Your humble correspondent dances disco-style at the beginning of the Love Mob (photo from the Facebook group)
I do like fun. And as long as an event has that as its primary goal, I’m all for it. Even if it’s a tired formula like a choreographed dance or a lip dub.
On Sunday, I played hookey from PodCamp to participate in an event called “Love Mob Montreal“. Not crazy about the name, but maybe that’s just because I’m not in touch with my emotional side. As I mentioned in the previous post, it was an MP3 experiment that made sense to everyone with headphones but no sense to all the bystanders without.
The idea is that all the participants download an MP3 audio file to their iPod or other portable media player. They gather in a common place, and at a specified time they all press play simultaneously. The audio file contains instructions for what the participants should do. Since bystanders can’t hear the audio, the experiment gives a sort of surreal image of a bunch of people doing crazy things in unison.
Unfortunately, that puts it squarely in conflict with the Day 2 afternoon sessions of PodCamp Montreal. At first I figured the events would be related because they were on the same weekend and I had heard about the Love Mob from someone involved with both. But that’s not the case, and I’ll have to ditch at least two PodCamp seminars in order to participate.
The MP3 files themselves have just been put online: English, French (UPDATE: Links fixed, sorry). Participants are asked not to listen to them before the event. Instead, remember to bring a watch or other timing device that’s accurate to the second, a media player with the MP3 loaded, and a white, red or pink T-shirt, and be at Place des Arts for 3:15pm.
Facebook has over 400 people “confirmed”, which means about 40-50 will actually show up, give or take 200.
I biked to Parc le Pélican last night to see l’Autre St-Jean (yeah, that l’Autre St-Jean). I got there after the anglo acts, but early enough to take some pictures of the party and hear some songs from Malajube before I left.
Rule No. 1 about outdoor pillow fights: don’t hold them in the rain.
Rule No. 2: There are ways around Rule No. 1.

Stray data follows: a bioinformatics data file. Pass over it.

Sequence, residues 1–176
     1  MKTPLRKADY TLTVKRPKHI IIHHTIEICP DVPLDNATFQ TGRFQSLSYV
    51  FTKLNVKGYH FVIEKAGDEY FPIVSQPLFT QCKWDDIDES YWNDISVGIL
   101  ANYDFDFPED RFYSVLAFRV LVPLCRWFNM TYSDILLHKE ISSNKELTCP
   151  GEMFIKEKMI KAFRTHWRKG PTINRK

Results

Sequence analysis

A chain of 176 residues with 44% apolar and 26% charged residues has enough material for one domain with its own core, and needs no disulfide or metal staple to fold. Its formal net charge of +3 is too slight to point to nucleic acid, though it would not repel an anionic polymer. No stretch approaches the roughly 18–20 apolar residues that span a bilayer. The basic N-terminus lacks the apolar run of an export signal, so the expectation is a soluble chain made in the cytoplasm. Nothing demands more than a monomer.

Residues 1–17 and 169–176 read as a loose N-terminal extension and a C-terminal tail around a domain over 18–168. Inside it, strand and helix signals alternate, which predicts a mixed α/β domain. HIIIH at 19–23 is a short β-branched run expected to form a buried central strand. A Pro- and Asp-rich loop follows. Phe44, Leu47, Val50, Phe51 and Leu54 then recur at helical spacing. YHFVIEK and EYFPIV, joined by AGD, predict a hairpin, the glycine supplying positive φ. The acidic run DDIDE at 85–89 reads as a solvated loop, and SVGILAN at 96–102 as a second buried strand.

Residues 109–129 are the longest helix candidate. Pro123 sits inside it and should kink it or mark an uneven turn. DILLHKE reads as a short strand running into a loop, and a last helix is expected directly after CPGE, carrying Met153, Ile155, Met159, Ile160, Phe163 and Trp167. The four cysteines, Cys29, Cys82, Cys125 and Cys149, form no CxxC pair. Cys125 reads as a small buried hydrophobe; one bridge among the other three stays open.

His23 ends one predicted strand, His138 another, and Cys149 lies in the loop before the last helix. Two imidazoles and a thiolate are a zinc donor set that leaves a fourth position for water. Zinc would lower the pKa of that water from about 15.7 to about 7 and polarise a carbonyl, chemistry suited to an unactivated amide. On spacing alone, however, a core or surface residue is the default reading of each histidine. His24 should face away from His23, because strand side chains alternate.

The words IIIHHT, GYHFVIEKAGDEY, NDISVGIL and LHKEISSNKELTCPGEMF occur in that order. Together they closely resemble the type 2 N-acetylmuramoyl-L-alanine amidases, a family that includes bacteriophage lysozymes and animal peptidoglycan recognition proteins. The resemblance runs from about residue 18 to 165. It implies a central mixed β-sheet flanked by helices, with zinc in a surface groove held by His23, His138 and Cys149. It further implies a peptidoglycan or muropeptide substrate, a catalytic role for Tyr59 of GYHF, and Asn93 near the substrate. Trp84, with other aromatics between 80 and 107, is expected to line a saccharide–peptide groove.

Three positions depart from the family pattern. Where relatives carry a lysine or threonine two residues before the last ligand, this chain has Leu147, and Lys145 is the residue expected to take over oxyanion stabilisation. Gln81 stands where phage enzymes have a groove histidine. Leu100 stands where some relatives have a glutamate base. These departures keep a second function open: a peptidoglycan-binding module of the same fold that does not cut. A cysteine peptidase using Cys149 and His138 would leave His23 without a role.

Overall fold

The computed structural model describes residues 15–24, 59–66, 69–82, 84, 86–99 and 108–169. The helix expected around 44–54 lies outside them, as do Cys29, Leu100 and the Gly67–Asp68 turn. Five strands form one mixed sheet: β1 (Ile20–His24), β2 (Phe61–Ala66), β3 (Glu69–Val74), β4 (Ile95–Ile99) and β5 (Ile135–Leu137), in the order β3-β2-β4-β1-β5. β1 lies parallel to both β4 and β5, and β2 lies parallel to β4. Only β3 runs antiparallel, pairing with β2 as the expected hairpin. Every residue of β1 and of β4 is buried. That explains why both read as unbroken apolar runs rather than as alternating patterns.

Despite the annoying showers, the planned Montreal event on World Pillow Fight Day took place as scheduled, with about 30 participants whacking each other over the head with bags of foam (feathered pillows were banned as they create a mess) for about half an hour.
Much of the success came from the quick-thinking of organizers Robin Friedman and Jody McIntyre (the same people behind metro parties, bubble battles and pretty much everything else fun in the city over the past couple of years). They brought along clear plastic bags for people to put their pillows in so they wouldn’t get wet.
After following various events that have been referred to as flash mobs in the media, it’s hard not to concur, if only because the term has been used to define almost any public gathering of strangers organized online.
Most events of this nature can be split into one of two groups:
the Improv Everywhere-style stunts in which people who may or may not know each other get together and pull a prank on unsuspecting bystanders in a public place
A PR stunt for cancer prevention, which I’m all for and everything, but a PR stunt nonetheless.
What bugs me most is that this was organized through a “flash mob” Facebook group which was taken over by a marketing company without its members’ permission. I suppose it’s not the end of the world. People can just remove themselves from the group if they don’t like it. And who’s going to oppose a public event for cancer awareness?
But it’s an example of grassroots fun being usurped by corporate interests. Instead of “flash mobs”, they’re now “street marketing” events. Yesterday, it was a yellow-scarfed song for cancer research. Will the next one be shilling for Doritos? Will commuters have to live in fear every day they go to work because they might be forced into some ill-conceived marketing stunt in which they’ve been made the sucker?
I’m not an art critic. Or an art lover. Or really an art anything. So when I look through the guide to the Nuit Blanche, I glaze over all the art galleries, dance performances, films, plays, DJs or anything else of the sort. Instead, I concern myself with fun things in the Old Port or anything that’s funny.
But something about this “Art Souterrain” project caused me to want to go there. It was free, it was in a heated environment, and you could walk through it all without waiting in lines, checking your coats or feeling guilty about leaving early. You could spend about 10 seconds at one installation and then move on to the next one. And that’s pretty much what I did.